Over 70 File-Sharing and Counterfeiting Domains Seized by US Homeland Security

The US Immigration and Customs Enforcement seized more than 70 domain names in a move to fight online file-sharing and counterfeiting. Users visiting any of the domains are redirected to a page notifying them that domains have been seized by US authorities.

TorrentFreak, a blog dedicated to all things BitTorrent-related, counted over 70 domains that have been grabbed in one fell swoop. The move is the most aggressive yet and should rise more than a few alarm bells.

First came the news of the seizure of Torrent-Finder.com but it turns out that the site is just one of dozens affected. While there are piracy and counterfeiting laws in effect in the US, with even more controversial ones being discussed, the seizures completely bypass them and are based solely on court orders.

In practical terms, the move did little. While may look good in government reports that over 70 'illegal' sites have been taken down, the sites themselves are alive and well.

While the domain names have been taken over, all of the sites are intact and many have already registered new domain names which don't fall under US jurisdiction, such as .info.

As such, many of them are operating same as before and are spreading the news of the new domain names via Twitter and other means.

But the seizures are not inconsequential, while they've done practically nothing to stop file-sharing or counterfeiting, they show that US groups can censor many websites out there based solely on how much sway they have with the US justice system and authorities.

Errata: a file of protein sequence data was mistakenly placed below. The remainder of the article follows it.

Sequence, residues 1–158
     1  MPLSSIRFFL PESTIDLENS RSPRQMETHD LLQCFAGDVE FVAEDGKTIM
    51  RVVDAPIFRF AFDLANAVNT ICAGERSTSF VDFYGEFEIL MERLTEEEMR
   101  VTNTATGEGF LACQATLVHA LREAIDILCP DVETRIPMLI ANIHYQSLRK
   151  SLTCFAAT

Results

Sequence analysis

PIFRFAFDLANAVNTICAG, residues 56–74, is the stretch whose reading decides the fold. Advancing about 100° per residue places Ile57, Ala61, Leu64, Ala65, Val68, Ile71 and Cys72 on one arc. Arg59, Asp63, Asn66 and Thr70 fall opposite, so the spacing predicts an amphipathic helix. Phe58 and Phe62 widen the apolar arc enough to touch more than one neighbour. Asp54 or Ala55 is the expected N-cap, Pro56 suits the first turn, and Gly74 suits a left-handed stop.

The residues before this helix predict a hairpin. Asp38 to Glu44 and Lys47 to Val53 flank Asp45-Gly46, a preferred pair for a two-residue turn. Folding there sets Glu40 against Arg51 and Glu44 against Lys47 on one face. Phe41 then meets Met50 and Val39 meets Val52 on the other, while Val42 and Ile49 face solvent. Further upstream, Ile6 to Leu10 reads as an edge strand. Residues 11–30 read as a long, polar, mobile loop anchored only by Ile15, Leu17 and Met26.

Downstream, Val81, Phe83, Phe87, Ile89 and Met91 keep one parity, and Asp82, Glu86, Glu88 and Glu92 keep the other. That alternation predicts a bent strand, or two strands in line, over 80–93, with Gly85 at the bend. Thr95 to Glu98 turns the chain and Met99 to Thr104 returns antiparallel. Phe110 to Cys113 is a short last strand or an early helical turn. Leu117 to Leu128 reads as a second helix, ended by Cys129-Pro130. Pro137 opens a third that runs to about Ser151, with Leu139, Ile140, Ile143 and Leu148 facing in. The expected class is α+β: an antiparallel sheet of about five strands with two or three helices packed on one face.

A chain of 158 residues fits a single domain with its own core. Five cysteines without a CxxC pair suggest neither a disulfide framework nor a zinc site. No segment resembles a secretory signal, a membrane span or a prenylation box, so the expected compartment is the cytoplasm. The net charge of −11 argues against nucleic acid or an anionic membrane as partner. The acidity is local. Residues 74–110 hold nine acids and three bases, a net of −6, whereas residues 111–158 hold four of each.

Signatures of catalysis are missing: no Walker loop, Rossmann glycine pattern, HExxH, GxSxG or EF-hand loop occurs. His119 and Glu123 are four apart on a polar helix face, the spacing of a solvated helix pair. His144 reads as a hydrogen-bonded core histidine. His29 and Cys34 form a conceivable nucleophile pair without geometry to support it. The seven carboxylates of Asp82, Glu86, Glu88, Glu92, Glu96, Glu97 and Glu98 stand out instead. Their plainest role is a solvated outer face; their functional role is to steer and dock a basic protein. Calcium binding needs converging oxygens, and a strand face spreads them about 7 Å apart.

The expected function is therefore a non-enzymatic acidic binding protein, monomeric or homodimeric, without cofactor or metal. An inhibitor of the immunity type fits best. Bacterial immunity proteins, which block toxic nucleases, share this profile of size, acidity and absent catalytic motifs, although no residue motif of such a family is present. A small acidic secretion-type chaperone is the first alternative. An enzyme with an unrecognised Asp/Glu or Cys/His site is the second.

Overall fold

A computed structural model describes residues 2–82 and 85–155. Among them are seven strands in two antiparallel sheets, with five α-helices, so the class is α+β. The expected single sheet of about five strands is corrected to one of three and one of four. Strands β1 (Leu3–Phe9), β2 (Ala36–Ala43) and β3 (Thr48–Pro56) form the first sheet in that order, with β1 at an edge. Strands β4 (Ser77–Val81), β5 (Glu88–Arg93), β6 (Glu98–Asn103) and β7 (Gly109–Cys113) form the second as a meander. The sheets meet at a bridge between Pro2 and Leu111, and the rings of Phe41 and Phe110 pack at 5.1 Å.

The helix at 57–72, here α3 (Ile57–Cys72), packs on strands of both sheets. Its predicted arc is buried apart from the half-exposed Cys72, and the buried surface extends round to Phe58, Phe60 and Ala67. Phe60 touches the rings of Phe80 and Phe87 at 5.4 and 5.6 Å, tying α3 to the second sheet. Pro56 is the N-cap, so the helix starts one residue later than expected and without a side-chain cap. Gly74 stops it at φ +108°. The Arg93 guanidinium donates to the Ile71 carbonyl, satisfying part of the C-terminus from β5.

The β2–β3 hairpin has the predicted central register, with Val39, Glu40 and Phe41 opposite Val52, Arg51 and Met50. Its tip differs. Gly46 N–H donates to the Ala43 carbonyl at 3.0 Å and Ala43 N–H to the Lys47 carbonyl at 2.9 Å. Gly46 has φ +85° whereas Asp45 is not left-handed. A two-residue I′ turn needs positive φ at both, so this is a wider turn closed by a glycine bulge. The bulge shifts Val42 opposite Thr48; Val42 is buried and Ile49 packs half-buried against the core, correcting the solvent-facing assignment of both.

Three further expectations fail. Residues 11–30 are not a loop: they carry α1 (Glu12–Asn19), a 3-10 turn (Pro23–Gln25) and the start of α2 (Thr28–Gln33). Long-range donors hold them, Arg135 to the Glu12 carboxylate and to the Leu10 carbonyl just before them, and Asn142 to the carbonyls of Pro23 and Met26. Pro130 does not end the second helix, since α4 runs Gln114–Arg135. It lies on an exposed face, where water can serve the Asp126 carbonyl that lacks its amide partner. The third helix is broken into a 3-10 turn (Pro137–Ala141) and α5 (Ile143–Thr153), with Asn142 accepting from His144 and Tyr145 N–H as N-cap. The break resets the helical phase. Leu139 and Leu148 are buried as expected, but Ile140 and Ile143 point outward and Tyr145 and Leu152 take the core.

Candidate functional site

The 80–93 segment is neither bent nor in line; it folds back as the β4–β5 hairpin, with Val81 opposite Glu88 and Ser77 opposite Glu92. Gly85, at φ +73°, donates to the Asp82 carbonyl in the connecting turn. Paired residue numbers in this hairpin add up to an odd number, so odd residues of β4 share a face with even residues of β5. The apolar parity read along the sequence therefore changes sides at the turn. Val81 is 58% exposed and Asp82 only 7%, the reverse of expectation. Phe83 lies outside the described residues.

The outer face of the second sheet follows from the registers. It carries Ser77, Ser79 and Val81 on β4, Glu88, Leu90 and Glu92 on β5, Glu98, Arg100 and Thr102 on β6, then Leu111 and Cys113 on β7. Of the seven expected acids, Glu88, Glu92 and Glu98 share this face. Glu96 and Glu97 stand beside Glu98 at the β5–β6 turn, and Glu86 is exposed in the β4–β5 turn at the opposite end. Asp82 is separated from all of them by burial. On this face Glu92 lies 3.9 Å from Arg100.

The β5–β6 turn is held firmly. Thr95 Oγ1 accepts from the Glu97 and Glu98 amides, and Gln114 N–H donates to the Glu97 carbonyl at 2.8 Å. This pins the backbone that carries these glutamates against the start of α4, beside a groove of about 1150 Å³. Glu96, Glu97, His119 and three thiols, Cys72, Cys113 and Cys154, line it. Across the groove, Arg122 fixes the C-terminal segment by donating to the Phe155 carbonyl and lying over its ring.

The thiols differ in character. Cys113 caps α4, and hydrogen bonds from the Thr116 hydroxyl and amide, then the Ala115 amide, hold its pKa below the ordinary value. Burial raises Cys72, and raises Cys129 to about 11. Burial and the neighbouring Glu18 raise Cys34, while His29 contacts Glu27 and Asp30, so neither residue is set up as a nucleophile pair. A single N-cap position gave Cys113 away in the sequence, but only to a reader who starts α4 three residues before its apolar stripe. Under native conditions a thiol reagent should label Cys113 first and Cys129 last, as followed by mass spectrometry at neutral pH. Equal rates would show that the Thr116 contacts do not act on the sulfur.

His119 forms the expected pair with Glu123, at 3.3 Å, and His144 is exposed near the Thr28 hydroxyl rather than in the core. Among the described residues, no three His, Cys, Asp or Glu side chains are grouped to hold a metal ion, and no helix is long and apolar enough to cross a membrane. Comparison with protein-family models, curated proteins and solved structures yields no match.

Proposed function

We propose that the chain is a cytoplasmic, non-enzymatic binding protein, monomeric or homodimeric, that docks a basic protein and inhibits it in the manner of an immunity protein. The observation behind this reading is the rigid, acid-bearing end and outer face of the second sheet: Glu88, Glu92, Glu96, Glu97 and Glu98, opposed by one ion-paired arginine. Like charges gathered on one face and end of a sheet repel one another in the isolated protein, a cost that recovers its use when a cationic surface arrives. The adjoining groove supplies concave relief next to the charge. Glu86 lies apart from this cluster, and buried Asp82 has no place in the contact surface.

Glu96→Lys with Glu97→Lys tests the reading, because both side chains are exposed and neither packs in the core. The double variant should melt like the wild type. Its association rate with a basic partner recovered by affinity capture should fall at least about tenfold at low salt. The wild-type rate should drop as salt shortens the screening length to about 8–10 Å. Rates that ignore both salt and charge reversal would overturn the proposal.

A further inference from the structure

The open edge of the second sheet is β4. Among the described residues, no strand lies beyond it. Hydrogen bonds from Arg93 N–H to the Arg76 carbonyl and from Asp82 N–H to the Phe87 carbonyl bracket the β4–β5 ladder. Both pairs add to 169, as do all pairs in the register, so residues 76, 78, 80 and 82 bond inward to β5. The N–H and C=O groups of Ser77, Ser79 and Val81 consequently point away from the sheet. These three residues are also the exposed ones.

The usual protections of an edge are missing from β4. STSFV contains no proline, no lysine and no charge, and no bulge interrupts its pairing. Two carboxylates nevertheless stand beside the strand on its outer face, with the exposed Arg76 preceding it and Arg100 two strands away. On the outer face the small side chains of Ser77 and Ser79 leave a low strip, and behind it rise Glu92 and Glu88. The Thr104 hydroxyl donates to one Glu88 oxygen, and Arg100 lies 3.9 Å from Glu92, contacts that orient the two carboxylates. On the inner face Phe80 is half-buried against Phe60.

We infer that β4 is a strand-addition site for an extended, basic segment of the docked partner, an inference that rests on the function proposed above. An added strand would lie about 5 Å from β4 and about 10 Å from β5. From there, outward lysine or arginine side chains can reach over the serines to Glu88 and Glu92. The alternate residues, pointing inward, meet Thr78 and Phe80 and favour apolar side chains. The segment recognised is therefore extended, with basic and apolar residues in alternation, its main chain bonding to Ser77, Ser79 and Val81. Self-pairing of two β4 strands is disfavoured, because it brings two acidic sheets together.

Considering that they got the Department of Homeland Security's Immigration and Customs Enforcement involved, it's safe to assume that the MPAA, RIAA and the other groups involved do have quite a lot of sway.

The ICE has a pretty self-explanatory name, yet it seems that protecting US' borders somehow involves BitTorrent search engines.

The move underlines an older issue with the way the internet works, one that has been raised times before. The domains were seized from the lowest level possible, directly from the Internet Corporation for Assigned Names and Numbers.

ICANN controls how domain names are assigned and, while there has been pressure to sever its strong ties with the US government, the organization is still, as is apparent, easily influenced by the US authorities.

This latest example of US authorities, directed by private groups like the MPAA and RIAA, exerting control over international affairs should serve as a wakeup call for the rest of the world, but it's unclear if international pressure will solve anything.

What's more, with local copyright groups displaying great power in influencing laws in many western countries, such as the UK, France, Italy and so on, it's unlikely that they will criticize the seizures.

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